Listening to “Freud and the Moon” presents in under four minutes a sonic drama. The main argument is a melodic line for a virtual instrument. This solo material presents the first of two levels the second and more complex level being a series of gestures in the form of electronically processed sounds. This contrast taken with the title suggests a programmatic element, an introverted, or at least reflective figure, disturbed by recollections of experiences, both pleasant and disruptive. Freud, as the father of psychoanalysis, fits well into this simple interpretation of the music, Freud being the observer noting the reactions of a patient. Does the music offer the type and range of emotional responses that support this view?
The electronics offer the listener a constantly changing set of sounds, sometimes near vocal, sometimes bell-like, and apart from one fortissimo outburst the effect is subtle, the sounds produced on the edge of our recognition. The musical effect of half-recognised yet familiar sounds is to draw us into the minutiae of the textures. At the very opening the electronic sounds literally call on the listener with a sharp demanding tone and up to the 1.40 mark have a near human quality, this gives way to a more aggressive, explosive passage, after which the music becomes reflective. In this more subdued section sounds are concordant and recollect music that is 19th century in style, almost like listening to an old style gramophone player reproducing a slow dance.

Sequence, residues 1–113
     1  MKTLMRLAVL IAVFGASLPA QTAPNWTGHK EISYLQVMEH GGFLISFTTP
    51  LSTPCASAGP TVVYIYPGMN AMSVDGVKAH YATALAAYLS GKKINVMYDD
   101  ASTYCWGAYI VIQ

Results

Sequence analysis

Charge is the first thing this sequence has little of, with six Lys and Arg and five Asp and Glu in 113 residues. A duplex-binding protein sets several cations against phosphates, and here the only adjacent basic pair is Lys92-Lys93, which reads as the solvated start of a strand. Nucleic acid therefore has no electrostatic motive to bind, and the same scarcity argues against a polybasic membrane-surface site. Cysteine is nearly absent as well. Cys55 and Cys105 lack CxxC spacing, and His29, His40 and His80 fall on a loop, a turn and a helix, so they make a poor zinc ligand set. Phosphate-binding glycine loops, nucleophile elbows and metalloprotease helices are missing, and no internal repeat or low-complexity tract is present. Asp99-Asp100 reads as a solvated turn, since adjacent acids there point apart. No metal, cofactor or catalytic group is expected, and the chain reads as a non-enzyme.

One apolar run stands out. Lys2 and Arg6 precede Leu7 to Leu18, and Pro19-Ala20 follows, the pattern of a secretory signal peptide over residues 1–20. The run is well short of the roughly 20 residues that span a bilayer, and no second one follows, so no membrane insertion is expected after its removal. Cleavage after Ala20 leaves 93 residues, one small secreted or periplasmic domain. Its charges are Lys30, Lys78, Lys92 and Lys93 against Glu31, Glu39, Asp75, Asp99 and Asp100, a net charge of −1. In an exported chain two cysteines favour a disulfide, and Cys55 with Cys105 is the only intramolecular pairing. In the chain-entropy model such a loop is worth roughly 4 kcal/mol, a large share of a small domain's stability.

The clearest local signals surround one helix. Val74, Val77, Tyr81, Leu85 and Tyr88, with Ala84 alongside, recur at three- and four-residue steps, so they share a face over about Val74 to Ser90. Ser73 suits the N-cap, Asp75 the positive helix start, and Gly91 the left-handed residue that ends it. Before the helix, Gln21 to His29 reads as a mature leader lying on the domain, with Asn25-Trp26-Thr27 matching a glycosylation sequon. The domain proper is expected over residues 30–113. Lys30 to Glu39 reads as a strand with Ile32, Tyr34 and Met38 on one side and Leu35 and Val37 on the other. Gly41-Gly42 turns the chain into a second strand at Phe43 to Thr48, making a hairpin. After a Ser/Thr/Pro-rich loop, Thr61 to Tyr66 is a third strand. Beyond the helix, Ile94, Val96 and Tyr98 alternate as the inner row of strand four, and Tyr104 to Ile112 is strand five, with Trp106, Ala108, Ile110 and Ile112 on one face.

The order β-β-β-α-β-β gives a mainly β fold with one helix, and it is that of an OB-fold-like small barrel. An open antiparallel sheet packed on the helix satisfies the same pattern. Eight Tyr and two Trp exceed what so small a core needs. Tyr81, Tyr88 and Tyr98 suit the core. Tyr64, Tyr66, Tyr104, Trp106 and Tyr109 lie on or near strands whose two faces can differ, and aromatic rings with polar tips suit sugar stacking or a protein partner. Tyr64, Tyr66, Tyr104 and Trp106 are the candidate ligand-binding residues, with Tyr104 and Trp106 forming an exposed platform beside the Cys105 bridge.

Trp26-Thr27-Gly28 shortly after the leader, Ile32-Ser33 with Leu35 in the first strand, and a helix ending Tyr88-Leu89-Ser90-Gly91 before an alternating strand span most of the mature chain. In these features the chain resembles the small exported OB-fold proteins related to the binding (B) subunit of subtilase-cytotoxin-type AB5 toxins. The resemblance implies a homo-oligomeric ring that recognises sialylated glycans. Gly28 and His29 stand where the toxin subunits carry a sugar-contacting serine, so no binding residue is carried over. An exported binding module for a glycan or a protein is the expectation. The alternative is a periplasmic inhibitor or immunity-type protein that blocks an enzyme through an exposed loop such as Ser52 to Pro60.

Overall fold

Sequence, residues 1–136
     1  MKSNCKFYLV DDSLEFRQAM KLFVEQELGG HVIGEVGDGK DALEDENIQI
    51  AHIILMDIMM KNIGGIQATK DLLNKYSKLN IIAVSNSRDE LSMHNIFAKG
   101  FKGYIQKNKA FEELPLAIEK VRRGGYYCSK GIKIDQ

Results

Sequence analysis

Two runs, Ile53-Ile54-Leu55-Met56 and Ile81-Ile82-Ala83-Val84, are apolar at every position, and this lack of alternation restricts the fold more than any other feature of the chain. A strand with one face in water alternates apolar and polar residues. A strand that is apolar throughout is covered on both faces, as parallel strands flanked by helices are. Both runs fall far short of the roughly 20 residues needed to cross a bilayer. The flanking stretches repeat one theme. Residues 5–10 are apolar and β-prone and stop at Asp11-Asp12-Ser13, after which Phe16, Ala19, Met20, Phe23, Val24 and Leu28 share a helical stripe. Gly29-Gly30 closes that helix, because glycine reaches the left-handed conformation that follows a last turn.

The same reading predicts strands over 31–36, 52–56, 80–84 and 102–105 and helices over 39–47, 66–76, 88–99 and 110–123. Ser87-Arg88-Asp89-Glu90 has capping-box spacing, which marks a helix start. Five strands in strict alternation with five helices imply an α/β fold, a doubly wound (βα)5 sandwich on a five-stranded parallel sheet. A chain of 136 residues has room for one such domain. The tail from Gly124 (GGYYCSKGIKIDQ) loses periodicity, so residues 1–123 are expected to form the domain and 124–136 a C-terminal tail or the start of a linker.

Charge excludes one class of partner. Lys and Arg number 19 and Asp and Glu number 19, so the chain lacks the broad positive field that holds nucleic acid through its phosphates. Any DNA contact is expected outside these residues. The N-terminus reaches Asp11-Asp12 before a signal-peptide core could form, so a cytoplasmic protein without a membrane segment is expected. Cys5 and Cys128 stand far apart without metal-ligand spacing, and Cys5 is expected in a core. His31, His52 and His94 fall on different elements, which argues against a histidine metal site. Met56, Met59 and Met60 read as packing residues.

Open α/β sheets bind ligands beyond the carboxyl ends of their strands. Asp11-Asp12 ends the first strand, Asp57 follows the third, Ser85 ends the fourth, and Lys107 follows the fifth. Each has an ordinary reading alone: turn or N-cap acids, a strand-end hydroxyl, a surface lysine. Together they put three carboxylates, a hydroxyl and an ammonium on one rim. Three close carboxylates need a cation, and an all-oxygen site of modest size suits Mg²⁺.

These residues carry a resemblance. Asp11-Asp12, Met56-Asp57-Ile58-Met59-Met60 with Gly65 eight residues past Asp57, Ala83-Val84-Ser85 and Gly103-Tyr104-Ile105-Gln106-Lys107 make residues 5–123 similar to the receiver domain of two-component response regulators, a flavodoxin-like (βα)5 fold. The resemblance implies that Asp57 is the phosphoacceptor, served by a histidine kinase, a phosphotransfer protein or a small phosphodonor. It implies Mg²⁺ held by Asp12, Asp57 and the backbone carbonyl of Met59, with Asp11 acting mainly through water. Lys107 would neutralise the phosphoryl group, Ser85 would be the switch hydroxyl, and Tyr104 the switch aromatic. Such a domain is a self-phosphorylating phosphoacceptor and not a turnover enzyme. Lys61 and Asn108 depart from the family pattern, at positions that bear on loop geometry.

The sense of observing action on a stage is heightened at one point by the use of spatial setting, the music travels as if a procession was in place, if it were a quadrophonic recording I feel certain it would encompass the front to rear of the listening area in its journey.